The average daily intake of iodine in the general population is less than that indicated by WHO, at the European level, where iodine deficiency affects mainly the child population [43], and all over the Italian territory (85� µg/day vs. 150 µg/day) [44].

In pregnancy, iodine deficiency can increase the risk of spontaneous abortion, perinatal mortality, birth defects and neurological disorders [45], and is considered by the WHO as the most important preventable cause of brain damage.

In the general population, iodine deficiency can be prevented by supplementing the diet with adequate amounts of this mineral, for example by using iodized salt.

During pregnancy, when iodine is necessary also for the production of fetal thyroid hormones (as the fetal thyroid begins to function only around the twelfth week of gestation), women need to increase iodine intake by about 50% [46,47].

Moreover, even in conditions of only mild or moderate iodine nutritional deficiency, the fetus and the newborn (especially preterm born) have a much higher risk of developing hypothyroidism compared to all other age groups (National Observatory for the Monitoring of Iodoprophylaxis in Italy). The most critical period goes from the second trimester of pregnancy to the third year of extrauterine life. Adequate supplementation with iodine, from pre-conception and until the end of the first trimester of pregnancy, reduces—up to 73%—the incidence of cretinism in the areas of highest deficiency risk [48]. The estimated amount that would avoid deficiency is 200 µg/day (compared to 150 µg/day for adults) according to the EFSA, or 250 µg/day according to the WHO/UNICEF joint document [49]. Two hundred µg/day are recommended also during lactation, to ensure a milk content of about 100� µg/100 mL.

3.3. Calcium

As the most abundant mineral in the human body, 99% located in the skeleton and in the teeth, calcium is critical to reach the peak bone mass in the first decades of life, to maintain bone mass in adulthood, and to slow the physiological age related reduction of bone mineral density.

Calcium deficiency may be worsened by genetic and hormonal factors along with insufficient physical activity. Calcium metabolism also requires vitamin D, the lack of which can also be due to calcium deficiency: in both cases, the result is a reduced mineralization of the bone matrix. Inadequate levels of calcium in children can result in rickets [50].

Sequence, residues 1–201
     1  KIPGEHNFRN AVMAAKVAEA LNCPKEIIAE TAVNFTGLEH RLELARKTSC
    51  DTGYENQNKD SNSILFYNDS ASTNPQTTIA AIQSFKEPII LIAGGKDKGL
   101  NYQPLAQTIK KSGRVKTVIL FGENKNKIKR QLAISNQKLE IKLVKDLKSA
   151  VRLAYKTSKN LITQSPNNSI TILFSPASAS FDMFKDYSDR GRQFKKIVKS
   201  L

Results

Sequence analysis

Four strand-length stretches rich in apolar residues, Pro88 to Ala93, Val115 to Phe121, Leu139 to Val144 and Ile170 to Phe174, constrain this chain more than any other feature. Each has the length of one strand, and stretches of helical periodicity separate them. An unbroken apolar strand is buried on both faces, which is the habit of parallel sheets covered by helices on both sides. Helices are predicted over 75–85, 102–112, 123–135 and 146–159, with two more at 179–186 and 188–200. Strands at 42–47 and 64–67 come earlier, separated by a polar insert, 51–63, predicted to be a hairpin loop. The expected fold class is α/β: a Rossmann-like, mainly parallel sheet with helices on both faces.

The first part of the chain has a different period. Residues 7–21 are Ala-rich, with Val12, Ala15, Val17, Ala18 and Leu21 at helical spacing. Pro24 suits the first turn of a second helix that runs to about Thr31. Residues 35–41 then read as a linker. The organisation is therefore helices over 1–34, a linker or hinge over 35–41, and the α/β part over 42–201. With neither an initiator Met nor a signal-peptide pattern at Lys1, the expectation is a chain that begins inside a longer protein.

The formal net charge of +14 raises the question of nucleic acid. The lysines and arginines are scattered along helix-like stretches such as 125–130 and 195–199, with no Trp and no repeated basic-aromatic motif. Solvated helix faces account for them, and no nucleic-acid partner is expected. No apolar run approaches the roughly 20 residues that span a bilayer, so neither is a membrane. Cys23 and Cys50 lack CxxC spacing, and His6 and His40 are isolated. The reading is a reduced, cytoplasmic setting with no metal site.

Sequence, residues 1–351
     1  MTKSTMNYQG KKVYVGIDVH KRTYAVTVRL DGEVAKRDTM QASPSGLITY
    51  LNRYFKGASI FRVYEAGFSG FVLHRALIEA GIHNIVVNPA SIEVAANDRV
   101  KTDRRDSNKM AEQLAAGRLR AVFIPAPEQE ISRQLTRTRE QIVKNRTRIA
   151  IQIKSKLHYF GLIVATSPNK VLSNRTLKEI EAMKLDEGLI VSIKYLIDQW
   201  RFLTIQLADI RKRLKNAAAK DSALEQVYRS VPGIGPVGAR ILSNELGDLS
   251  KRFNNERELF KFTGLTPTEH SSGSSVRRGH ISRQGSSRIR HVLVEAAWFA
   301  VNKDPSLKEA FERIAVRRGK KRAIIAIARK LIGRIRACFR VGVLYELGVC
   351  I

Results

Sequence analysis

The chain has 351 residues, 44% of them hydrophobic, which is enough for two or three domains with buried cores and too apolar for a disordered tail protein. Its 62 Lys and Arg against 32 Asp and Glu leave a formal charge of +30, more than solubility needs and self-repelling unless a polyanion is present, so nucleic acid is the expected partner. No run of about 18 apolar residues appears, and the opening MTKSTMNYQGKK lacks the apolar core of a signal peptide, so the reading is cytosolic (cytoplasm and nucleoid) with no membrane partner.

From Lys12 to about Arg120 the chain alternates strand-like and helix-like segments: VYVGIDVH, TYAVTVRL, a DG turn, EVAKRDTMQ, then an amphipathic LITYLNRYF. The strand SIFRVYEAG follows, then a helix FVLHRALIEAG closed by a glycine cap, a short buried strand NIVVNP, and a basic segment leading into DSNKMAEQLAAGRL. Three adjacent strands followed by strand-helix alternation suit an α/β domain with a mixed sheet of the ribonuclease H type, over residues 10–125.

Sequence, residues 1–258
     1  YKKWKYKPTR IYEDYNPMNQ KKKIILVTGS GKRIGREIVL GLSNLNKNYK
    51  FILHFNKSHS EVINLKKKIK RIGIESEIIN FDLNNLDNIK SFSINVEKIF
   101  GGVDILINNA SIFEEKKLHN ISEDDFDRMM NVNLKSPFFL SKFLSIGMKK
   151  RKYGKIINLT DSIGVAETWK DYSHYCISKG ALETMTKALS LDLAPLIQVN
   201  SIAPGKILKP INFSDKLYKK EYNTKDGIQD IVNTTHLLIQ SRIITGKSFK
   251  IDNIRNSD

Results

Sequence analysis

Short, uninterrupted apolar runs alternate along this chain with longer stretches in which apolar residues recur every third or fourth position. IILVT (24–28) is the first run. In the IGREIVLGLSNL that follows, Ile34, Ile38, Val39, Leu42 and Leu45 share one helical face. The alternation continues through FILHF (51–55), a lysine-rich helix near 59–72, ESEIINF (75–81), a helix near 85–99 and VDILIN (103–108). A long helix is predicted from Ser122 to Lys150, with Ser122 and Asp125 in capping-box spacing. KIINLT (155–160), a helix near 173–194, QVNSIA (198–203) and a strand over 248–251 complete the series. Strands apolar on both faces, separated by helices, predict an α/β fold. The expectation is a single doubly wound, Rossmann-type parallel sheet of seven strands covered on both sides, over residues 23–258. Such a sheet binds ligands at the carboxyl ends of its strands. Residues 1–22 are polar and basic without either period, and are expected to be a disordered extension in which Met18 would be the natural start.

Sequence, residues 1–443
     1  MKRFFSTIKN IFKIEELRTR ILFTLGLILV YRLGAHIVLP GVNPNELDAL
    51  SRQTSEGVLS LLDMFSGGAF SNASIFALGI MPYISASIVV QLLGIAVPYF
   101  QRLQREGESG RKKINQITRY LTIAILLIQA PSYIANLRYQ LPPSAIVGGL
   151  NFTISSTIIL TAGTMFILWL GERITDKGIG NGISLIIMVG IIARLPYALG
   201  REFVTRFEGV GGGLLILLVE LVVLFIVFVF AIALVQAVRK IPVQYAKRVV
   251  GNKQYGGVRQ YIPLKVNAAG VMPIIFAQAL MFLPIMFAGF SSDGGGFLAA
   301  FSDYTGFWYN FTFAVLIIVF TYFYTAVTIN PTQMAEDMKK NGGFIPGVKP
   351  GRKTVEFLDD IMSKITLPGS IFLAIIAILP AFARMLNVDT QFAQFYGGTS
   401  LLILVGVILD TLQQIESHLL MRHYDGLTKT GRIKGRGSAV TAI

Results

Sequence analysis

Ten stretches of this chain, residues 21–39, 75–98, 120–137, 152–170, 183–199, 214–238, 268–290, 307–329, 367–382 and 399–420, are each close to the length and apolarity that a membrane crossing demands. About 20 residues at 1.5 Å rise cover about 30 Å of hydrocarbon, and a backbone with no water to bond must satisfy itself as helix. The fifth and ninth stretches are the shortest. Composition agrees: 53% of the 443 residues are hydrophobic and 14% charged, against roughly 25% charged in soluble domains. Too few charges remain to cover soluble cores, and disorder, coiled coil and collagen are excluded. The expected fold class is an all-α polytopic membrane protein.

The main sources of calcium are milk and derivatives (about 50%), followed by cereals and vegetables (11% each) [51]. The bioavailability of calcium from these foods is different, being highest for milk and derivatives and for mineral water. Conversely, bioavailability from fiber- and phytate-rich vegetables is quite low. The efficiency of calcium absorption from food affects calcium concentrations in the body, which remains constant from adolescence to adulthood and decreases in post-menopausal women, by 2% every 10 years [50].

The EPIC (European Prospective Investigation into Cancer and Nutrition) study has shown a wide variability in calcium levels among the different European populations, with the lowest values in Italian women [52]. According to the results of the Italian survey INRAN-SCAI 2005-06, calcium intake in the Italian population corresponds to 76% of the recommendations [53].

Calcium is essential for fetal development. The requirement increases during pregnancy (from 50 mg/day at the halfway point, up to 330 mg/day at the end) and lactation, due to the mobilization from the maternal skeleton, the greater efficiency of intestinal absorption and the increased renal retention [54]. High birth weight, reduced risk of preterm delivery, and better blood pressure control are also associated with an adequate calcium intake during pregnancy. The transport of calcium from the maternal compartment to the fetus takes place through active transporters in the epithelial layer of the placenta. From the 20th week of pregnancy, calcium levels in the fetal circulation are higher than those detectable in the maternal plasma.

The recommendations for calcium intake are different in different countries, also for pregnant and breastfeeding women. The Italian RDA indicate PRI values of 1.2 g/day in the gestational period, while the WHO recommends 1.5𠄲.0 g/day from the 20th week until the end of pregnancy, especially for women at risk of gestational hypertension.

It has been proposed that a low-dose supplementation with calcium during pregnancy reduces the risk of developing both gestational hypertension and pre-eclampsia [55]. However, excessively high levels correlate with increased risk of developing HELLP (Haemolysis, Elevated Liver enzymes and Low Platelets) syndrome.

The daily amount of calcium secreted in breastmilk is quite variable (150 to 300 mg/day), mainly depending on the mobilization from bones and the reduced urinary secretion. Calcium stores in maternal bones are restored after weaning and the recovery of ovarian function [56].

Some studies have shown that calcium secretion in milk is substantially independent of its dietary intake and of supplementation. Therefore, the recommended intake during lactation is not different from that of the healthy adult female population (1.0 g/day). However, women with dietary calcium intakes lower than 300 mg/day and adolescents, with high basal requirements (1.2 g/day according to the RDA) are at risk of deficiency also during lactation.

3.4. Vitamin D

The term vitamin D comprises the two main molecular species that share vitamin activity: cholecalciferol (vitamin D3, derived from cholesterol and synthesized by the animal organisms) and ergocalciferol (vitamin D2, derived from ergosterol, found in vegetables).